Abstract 2599: Does tumor volume effect the spectroscopic classification of brain cancer patients

Ashton G. Theakstone, Paul M. Brennan, Matthew J. Baker

Research output: Contribution to journalMeeting abstractpeer-review


Abstract This study focuses on investigating the link between brain tumor volume and the spectroscopic classification between patients with known gliomas and healthy controls. Discrimination of brain cancer vs. non-cancer patients using serum-based ATR-FTIR diagnostics was first developed by Hands et al. achieving sensitivity and specificity values of 92.8% and 91.5% respectively. Cameron et al. then went on to stratifying between specific brain tumor types and was successful in providing a sensitivity of 90.1% and a specificity of 86.3%. Expanding on these studies, it is vital to determine if the size of a tumor has a direct effect on the sensitivity and specificity and whether or not it was only the larger tumors that were being identified as cancerous. A cohort of 90 patients whose tumor volumes were calculated using their MRI images (either T1-weighted contrast enhanced, T2-weighted or FLAIR images), including patients with high-grade glioblastoma multiforme (GBM), and low-grade gliomas such as anaplastic astrocytoma, astrocytoma, oligoastrocytoma and oligodendroglioma, were used for investigation. Utilizing ATR-FTIR spectroscopy coupled with machine learning algorithms these tumor patients were stratified against 87 healthy controls and were classified as either cancer or non-cancer. From these initial findings' sensitivities, specificities and balanced accuracies were greater than 88% and cancer patients with tumor volumes as small as 0.2 cubic cm were correctly identified, demonstrating that classifications are not affected by tumor volume. Both small and low-grade gliomas were identified which shows great promise for this technique to be used as a screening tool or in diagnostics for early detection of brain tumors.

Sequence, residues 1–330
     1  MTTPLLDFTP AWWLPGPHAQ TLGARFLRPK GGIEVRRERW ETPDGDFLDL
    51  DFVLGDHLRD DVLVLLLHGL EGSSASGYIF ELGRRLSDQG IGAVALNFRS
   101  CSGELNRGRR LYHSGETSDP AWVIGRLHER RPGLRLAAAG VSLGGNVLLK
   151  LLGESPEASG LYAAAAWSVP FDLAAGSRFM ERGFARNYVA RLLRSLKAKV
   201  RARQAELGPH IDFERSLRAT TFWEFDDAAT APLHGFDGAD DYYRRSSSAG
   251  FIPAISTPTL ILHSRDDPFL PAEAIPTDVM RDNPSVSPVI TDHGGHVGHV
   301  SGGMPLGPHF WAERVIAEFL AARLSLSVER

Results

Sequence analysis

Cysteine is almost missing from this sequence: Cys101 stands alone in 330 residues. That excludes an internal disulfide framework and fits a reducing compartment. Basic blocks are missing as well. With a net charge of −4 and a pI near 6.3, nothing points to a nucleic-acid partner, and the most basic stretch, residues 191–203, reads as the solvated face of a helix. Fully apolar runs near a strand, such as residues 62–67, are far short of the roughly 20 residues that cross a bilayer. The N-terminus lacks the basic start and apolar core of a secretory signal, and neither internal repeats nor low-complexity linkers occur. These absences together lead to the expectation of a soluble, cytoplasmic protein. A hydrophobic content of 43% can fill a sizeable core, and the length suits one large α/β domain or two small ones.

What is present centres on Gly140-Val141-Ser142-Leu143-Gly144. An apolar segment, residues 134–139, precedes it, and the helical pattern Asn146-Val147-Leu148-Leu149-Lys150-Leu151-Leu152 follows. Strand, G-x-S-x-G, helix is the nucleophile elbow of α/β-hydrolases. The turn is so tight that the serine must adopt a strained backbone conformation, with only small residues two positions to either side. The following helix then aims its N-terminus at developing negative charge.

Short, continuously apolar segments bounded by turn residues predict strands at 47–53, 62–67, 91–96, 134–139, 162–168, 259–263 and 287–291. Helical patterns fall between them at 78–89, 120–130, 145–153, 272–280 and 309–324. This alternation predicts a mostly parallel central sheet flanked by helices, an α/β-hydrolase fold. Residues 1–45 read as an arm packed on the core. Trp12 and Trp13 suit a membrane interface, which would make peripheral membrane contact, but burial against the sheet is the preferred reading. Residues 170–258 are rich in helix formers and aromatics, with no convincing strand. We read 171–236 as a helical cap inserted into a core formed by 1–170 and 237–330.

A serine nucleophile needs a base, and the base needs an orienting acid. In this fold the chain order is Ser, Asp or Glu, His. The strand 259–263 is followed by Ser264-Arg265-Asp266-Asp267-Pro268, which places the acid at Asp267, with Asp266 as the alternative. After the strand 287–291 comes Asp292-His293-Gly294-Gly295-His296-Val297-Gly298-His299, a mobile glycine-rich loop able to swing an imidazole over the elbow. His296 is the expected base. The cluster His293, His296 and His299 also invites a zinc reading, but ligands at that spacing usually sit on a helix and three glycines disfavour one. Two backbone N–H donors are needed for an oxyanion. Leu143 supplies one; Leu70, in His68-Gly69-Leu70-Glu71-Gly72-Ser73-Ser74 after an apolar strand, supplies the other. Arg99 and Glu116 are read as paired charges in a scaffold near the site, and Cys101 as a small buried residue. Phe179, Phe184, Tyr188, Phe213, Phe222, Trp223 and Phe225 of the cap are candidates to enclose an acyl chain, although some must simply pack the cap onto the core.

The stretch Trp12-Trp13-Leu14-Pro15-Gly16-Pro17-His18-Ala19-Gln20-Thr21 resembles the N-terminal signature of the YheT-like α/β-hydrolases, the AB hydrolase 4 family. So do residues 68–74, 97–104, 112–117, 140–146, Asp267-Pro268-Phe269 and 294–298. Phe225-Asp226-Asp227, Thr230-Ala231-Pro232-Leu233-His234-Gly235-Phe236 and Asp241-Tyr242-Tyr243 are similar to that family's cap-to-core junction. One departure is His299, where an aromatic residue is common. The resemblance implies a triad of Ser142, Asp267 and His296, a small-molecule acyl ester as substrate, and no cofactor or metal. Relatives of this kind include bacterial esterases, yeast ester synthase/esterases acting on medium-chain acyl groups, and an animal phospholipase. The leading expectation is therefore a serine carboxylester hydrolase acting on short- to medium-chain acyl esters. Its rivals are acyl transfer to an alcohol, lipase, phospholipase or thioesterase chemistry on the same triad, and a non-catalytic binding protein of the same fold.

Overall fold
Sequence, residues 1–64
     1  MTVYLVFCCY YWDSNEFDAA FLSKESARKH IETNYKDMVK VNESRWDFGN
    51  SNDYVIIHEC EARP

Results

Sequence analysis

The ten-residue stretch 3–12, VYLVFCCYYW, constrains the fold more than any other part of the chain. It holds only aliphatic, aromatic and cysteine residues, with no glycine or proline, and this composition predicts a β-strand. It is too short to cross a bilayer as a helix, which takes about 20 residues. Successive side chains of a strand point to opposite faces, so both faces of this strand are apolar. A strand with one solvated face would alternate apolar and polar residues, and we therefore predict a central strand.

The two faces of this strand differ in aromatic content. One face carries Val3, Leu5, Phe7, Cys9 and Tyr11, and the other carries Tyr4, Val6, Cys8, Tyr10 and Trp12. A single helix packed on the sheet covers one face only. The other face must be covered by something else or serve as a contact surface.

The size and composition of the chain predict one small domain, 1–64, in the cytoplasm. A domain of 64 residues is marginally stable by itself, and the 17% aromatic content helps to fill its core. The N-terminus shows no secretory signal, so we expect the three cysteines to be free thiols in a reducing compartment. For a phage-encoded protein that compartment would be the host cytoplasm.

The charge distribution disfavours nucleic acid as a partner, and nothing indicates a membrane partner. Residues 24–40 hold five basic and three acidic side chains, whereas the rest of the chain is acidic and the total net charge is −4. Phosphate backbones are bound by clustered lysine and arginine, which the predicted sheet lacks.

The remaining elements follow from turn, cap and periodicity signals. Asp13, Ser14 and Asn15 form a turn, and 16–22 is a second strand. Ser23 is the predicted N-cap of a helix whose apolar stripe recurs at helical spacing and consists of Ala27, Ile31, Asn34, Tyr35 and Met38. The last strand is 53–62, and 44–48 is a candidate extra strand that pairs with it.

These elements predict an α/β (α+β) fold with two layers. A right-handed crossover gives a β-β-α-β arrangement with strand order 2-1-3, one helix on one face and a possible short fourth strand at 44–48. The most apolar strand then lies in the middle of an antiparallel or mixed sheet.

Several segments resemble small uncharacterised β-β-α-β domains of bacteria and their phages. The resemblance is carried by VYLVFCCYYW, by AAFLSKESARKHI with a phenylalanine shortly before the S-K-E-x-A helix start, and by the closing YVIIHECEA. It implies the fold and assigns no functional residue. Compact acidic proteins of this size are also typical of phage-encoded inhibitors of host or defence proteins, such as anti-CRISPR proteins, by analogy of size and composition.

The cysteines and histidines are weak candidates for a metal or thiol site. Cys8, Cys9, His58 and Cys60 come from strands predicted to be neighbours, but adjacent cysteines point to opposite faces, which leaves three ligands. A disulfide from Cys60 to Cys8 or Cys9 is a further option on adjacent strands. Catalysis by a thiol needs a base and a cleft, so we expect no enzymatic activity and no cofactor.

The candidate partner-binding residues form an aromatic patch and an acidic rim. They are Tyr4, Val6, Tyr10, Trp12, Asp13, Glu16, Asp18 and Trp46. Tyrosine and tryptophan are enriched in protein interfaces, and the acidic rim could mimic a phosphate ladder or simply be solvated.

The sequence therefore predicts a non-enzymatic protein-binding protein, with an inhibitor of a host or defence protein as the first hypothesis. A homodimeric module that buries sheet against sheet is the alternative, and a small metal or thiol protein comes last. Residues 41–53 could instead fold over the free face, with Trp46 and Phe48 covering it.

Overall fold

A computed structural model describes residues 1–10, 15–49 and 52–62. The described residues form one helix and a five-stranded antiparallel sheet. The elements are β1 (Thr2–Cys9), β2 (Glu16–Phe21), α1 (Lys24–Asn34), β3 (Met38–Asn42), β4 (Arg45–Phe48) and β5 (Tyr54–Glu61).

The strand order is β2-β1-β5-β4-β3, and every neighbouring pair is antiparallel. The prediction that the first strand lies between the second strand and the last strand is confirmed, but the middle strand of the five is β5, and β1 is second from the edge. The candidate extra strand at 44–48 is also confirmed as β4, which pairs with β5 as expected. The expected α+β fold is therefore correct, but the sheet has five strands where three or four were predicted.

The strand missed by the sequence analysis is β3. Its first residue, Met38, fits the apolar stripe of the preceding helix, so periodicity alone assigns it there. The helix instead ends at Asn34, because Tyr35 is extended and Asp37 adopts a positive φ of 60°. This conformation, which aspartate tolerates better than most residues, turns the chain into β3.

Original languageEnglish
Pages (from-to)2599-2599
Number of pages1
JournalCancer Research
Issue number13_Supplement
Publication statusPublished - 1 Jul 2021


  • cancer research
  • oncology
  • tumor volume


Dive into the research topics of 'Abstract 2599: Does tumor volume effect the spectroscopic classification of brain cancer patients'. Together they form a unique fingerprint.

Cite this